Laws
A Drive Lawsuit Could Have a Wide-Reaching Impact

A Drive Lawsuit Could Have a Wide-Reaching Impact

A woman from Michigan is suing the distributors of the movie Drive, claiming that the trailer mislead her and that the movie was not what she expected. Drive is advertised as a Fast and Furious-style movie, but the trailer left her disappointed. This woman is seeking monetary compensation from the film’s distributors and the Village of South Jacksonville. The lawsuit is currently pending in Michigan state court. While this lawsuit is unlikely to win the case, it could have a wide-ranging impact.

Seagate

There is a new class-action lawsuit targeting Seagate, accusing the storage company of violating consumer protection laws, false advertising, and unjust enrichment. The lawsuit, filed in the U.S. District Court for the Northern District of California, alleges that Seagate drives failed at an extremely high rate, leaving consumers with broken hardware and significant loss of data. The lawsuit relies on the plaintiffs’ experiences with the products, including their use of Backblaze, which collects hard drive metrics.

Backblaze, an online backup service, discontinued the use of 3TB Seagate hard drives due to their unacceptable failure rates. The failure rates were about five times higher than comparable drives. Despite the warranty program, these consumers were still left with a defective drive. Hagens Berman and Sheller, a firm specializing in consumer electronics and product liability, filed a class-action lawsuit against the company in January 2013.

Goggle

Google is facing a Google drive lawsuit after Local Guides alleged they were promised free storage space on Google Drive. A judge recently ruled that Google cannot dismiss the case as a class action, finding that consumers presented enough evidence to prove their claims. This lawsuit is an example of how Google misled consumers. Thousands of Local Guides have filed a similar lawsuit and are now demanding monetary compensation. While they did not receive the promised free space, they are claiming that Google lied about the offer.

Optical disc drive

The Optical disc drive lawsuit claims that the manufacturers of optical disc drives conspired to fix, raise and stabilize the prices of these products. The lawsuit names Sony Corporation, Panasonic Corporation, and NEC Corporation as defendants. It is an antitrust suit that alleges the companies fixed prices and forced consumers to pay too much. The lawsuit targets both stand-alone optical disc drives and internal DVD-ROM or DVD-RW disks. The settlement will not be finalized until the District Court grants final approval of the lawsuit.

The plaintiffs in the suit are consumers who have purchased an optical disc drive and have suffered price increases or quality problems. The companies are facing a class-action lawsuit because of this price-fixing scheme. In this case, Canadian residents who purchased an optical disc drive from a manufacturer may be entitled to a settlement in the future. The lawsuit is names Panasonic, BenQ, Pioneer, Sony, and NEC among others. Listed as defendants, the companies are required to pay a total of $124.5 million to settle the case.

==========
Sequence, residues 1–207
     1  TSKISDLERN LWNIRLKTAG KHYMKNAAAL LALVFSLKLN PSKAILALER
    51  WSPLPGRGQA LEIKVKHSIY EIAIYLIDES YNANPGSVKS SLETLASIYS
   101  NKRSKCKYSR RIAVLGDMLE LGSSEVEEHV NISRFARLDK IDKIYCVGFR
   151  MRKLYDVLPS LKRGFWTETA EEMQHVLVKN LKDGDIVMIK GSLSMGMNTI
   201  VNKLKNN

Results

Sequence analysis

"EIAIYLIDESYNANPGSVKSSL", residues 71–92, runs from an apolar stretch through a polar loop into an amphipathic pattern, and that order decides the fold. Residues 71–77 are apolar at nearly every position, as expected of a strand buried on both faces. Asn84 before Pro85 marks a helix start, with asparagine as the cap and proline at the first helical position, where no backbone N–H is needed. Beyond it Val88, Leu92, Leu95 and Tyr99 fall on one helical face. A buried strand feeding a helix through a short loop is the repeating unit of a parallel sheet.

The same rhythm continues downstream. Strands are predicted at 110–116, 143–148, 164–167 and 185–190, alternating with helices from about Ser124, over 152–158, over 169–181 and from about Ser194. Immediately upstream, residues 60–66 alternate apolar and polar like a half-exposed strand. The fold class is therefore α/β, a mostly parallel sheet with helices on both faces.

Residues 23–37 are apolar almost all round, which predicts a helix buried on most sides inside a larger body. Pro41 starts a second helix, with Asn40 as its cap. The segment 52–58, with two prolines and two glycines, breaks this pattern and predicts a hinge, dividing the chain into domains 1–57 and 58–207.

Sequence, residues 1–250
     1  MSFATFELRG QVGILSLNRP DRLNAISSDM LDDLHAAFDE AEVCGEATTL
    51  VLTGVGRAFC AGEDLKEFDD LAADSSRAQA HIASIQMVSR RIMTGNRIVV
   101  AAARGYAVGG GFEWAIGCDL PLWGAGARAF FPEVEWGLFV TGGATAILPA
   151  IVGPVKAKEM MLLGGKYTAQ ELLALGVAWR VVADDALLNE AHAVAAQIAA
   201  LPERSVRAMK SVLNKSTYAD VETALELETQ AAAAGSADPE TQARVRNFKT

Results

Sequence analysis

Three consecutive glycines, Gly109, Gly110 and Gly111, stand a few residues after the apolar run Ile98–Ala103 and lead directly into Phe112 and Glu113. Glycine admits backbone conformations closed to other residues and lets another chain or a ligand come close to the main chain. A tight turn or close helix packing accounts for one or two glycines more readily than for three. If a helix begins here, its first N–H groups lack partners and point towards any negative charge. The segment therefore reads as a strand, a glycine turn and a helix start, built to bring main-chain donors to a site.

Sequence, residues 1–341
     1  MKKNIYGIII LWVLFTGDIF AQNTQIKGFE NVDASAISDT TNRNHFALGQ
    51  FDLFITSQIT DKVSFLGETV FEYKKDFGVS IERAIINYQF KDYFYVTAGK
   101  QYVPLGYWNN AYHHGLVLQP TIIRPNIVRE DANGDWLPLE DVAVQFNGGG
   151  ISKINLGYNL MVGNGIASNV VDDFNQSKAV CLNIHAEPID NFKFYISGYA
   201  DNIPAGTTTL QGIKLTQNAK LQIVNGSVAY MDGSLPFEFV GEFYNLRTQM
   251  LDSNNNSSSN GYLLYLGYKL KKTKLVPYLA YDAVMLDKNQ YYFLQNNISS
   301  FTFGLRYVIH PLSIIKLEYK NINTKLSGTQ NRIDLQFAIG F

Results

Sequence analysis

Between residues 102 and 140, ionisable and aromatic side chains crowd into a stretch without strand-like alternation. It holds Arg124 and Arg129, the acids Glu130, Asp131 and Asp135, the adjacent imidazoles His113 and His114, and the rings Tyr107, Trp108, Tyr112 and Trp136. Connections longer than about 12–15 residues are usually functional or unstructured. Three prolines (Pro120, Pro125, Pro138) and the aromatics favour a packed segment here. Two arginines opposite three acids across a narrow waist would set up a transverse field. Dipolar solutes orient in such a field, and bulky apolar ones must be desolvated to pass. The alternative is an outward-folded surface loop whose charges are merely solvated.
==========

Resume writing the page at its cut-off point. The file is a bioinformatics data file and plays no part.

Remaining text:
Village of South Jacksonville

The Village of South Jacksonville is currently in a lawsuit over Labor Drive billing practices. The lawsuit has been pending for 5 years, but the village has yet to settle it. According to news sources, former Village President Harry Jennings made a resolution offer to Labor Drive residents, but the offer has since been removed by the current Mayor Tyson Manker. This lawsuit comes as a result of the Village’s failure to pay some bills.

In addition to the lawsuit, the Village of South Jacksonville is currently seeking a new chief of police. Its Mayor Tyson Manker recently fired Chief Eric Hansell. The village says Hansell was being aggressive towards Village employees and reminded him of his previous counseling sessions and involvement in a DUI of a former Village employee. Manker also claims that the police chief’s behavior was unprofessional and that it had caused a rift between the Village and its residents.

Sarah Deming

The alleged anti-Semitic content of the film “Drive” led a Muskegon woman to sue Oscar-winning actors Reese Witherspoon, Christoph Waltz, director Francis Lawrence, and Fox Entertainment Group Inc., as well as the film studio Water for Elephants. The lawsuit is one of several filed by women in Michigan after viewing the movie. Originally filed in Oakland County, the lawsuit was subsequently dismissed after the Michigan Court of Appeals upheld the lower court ruling.

The movie “Drive” was a critical and commercial failure when compared to other films in the Fast and Furious franchise, according to a lawsuit filed by Sarah Deming, a Michigan resident. In the suit, she claims that the film was misrepresented by its trailer and was therefore not what she expected. Despite the allegedly vague trailer, “Drive” has earned a 93 percent fresh rating on Rotten Tomatoes and 79 percent approval from audiences.

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